Matt finally dug up the hideous hostas yesterday. He insists it pained him to, but I know he is lying. How could he possibly like such enormous clunky rotund monstrosities? He only says he likes them, to irritate me.
Anyway, I’m so happy. I feel I can properly breathe now. I’m going to stuff the bed with bulbs, if the weather ever cools down, and then I’m going to think carefully about what would be required for an elegant late summer garden bower.
The lesson, of course, is that prayer is important. I occasionally have prayed for Matt to lay aside his opprobrious principles and get out there and dig up those hostas, even threatening to do it myself, and there you are. He finally did. God does answer prayer.
But, I would just like to point out, it is ok if you sometimes don’t pray. I know, I’m on the edge of committing heresy–May God prevent me.
What I mean is, praying is not a magical activity. You don’t pray with deep fervor and then necessarily and automatically receive the rewards of your work by God giving you the thing you want. It’s not a one to one correspondence. I pray for this, raising my hands just so, and then God will give it to me because what he’s looking for is me clocking in the prayer time, and also having the right thoughts and feelings.
I mean, I think many of us, even when we don’t mean to, approach prayer in a mechanistic sort of way. We know that prayer “works” and so we pray, because we desperately want God to do stuff. But then it doesn’t always “work” and so we are disappointed. Sometimes even angry. (Not that I would ever accuse you of being angry. I must be thinking of someone else.)
But God isn’t a mechanically oriented being who gives good things as long as you punch his buttons in the right way. Witness the reality that it’s sometimes ok if you can’t pray.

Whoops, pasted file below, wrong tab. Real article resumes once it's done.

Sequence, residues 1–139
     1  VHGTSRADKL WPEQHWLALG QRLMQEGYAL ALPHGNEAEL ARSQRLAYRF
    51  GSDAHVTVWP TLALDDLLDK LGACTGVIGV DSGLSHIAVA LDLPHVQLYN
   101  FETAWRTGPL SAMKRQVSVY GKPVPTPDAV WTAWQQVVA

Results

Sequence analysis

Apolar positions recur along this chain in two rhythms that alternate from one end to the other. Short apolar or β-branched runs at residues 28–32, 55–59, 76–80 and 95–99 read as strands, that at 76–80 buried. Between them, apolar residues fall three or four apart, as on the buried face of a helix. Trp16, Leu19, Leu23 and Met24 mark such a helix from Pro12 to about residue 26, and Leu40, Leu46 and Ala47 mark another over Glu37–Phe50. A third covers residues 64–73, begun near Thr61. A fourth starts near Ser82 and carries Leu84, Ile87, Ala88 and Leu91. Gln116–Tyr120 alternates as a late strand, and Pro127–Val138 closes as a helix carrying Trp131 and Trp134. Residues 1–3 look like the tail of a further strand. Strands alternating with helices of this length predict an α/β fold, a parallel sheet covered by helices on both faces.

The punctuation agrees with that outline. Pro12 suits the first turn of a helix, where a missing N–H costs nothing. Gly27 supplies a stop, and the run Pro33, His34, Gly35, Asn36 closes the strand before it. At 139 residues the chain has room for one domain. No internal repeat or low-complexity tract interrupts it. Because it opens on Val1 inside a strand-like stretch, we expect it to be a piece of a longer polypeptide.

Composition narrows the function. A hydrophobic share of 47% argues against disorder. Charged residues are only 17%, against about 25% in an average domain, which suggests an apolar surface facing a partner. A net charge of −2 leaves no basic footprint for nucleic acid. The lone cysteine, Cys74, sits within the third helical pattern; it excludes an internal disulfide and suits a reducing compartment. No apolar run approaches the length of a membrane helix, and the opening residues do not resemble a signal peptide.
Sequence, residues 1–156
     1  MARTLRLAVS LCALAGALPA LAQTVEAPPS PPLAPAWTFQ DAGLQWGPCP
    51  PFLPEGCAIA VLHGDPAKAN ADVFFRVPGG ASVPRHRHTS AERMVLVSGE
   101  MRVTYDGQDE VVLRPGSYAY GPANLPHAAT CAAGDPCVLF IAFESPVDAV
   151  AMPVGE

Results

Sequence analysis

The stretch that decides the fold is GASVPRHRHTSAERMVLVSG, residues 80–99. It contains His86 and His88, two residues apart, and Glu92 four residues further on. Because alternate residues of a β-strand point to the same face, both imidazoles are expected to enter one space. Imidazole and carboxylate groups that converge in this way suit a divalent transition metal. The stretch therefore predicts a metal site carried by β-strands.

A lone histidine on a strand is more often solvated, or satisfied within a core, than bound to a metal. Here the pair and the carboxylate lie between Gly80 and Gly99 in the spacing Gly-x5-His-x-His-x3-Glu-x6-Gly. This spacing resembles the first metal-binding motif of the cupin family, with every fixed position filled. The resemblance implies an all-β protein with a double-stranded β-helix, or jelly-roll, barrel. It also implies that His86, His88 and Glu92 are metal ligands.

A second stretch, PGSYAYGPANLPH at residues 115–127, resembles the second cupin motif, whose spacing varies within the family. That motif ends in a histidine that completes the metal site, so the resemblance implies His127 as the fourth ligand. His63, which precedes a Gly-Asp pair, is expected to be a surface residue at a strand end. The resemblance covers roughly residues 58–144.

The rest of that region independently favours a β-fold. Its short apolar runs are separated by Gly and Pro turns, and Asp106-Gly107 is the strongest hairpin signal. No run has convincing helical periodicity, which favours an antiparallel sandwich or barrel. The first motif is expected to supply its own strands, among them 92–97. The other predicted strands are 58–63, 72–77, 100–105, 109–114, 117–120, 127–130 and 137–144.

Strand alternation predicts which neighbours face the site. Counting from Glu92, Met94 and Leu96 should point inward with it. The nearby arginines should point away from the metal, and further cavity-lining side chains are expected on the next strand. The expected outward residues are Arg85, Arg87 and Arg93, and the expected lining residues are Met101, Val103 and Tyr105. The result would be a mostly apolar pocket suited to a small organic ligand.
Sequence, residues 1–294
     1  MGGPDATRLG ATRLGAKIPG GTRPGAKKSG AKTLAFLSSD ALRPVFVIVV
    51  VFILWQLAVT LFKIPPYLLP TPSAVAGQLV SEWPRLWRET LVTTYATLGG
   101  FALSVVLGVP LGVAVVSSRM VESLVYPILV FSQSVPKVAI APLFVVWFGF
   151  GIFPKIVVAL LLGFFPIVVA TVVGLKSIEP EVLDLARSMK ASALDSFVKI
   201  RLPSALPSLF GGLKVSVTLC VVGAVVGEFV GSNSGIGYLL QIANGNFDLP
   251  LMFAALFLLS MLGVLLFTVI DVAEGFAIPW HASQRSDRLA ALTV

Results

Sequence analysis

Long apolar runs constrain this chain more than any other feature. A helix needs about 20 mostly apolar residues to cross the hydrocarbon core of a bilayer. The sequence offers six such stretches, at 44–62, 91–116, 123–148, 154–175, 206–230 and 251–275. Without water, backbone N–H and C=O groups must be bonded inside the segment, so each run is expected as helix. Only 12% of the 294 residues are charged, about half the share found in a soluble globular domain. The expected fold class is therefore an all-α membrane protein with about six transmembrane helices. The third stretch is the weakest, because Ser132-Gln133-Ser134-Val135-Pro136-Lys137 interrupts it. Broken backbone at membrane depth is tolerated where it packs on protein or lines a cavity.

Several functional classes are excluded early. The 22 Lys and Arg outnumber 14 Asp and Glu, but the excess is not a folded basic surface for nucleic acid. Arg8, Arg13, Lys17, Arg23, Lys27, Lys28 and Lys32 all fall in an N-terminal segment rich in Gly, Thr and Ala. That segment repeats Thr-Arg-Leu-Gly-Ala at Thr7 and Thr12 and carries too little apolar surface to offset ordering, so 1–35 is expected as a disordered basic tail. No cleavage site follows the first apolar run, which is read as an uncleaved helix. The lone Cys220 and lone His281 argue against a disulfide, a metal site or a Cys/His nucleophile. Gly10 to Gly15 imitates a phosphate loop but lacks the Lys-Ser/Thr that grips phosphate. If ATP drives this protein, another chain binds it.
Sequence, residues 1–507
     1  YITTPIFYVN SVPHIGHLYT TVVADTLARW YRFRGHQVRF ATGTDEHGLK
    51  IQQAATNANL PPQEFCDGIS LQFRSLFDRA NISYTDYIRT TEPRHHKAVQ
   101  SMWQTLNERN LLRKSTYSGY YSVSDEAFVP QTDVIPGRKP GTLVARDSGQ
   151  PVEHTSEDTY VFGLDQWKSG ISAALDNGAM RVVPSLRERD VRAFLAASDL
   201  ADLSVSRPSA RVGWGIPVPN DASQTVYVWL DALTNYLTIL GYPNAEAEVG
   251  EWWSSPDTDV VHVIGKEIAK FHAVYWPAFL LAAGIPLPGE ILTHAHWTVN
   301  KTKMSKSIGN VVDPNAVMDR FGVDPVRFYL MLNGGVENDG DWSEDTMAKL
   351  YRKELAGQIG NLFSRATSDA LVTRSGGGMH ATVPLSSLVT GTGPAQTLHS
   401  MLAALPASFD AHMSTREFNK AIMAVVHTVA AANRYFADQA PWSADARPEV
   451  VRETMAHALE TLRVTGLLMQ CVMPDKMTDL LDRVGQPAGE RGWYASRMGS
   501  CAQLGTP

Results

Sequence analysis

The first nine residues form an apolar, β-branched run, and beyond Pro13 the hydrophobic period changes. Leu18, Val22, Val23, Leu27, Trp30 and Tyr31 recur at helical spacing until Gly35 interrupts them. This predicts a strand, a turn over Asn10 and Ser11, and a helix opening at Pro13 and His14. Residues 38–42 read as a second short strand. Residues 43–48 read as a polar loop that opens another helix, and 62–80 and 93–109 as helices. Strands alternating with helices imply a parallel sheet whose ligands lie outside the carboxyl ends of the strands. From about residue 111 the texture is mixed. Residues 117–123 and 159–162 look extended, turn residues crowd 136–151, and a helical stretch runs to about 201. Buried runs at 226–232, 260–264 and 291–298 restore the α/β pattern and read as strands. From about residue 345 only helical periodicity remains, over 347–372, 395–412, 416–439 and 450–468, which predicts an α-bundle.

Out of self defense, I didn’t pray much before my recent foray in front of all those lovely college students. I couldn’t. I was too nervous. I couldn’t talk to almost Anyone, let alone God, with whom the stakes are too high. I am frequently in a spot of not being able to pray in the way that I want to, or in the way that I know I ought to. For so many reasons I can’t face the glory and goodness of God.
And yet, whether I pray or not, God still goes on doing the things he is going to do–those miraculous small actions that make believers constantly take heart and have hope when, from all outward appearances, they should have given up long ago. You forget to pray or can’t, and yet God does something profound, but only visible to three people, and then you discover that someone a world away woke up and was praying in the middle of the night, because you couldn’t.
God is the actor in all the cases. He moves you to pray. He does the microscopic miracle. He brings you back round to pray after days or weeks of not being able to. He is always on the move, making Christians pray for each other, working out his painful will of suffering for all those who love him. ‘How can she endure one more thing?’ you ask God, looking in at the continual suffering of a friend. And then you discover that no only did she endure it, she’s strangely fine, she is buoyed up even, and yet still cast down.
But that’s not the miracle the world wants from the bother of addressing God. If you ask, he should give, because because. And so often I am allured by that mechanistic nonsense. It takes waking up and being overjoyed by a garden bed free of hostas to see that God hears everything, sees everything, knows everything, even the things you can’t put words around, the things you yourself can’t face.
On that note, pray for my dad, because I’m too anxious to, still, even though I’m trying very hard.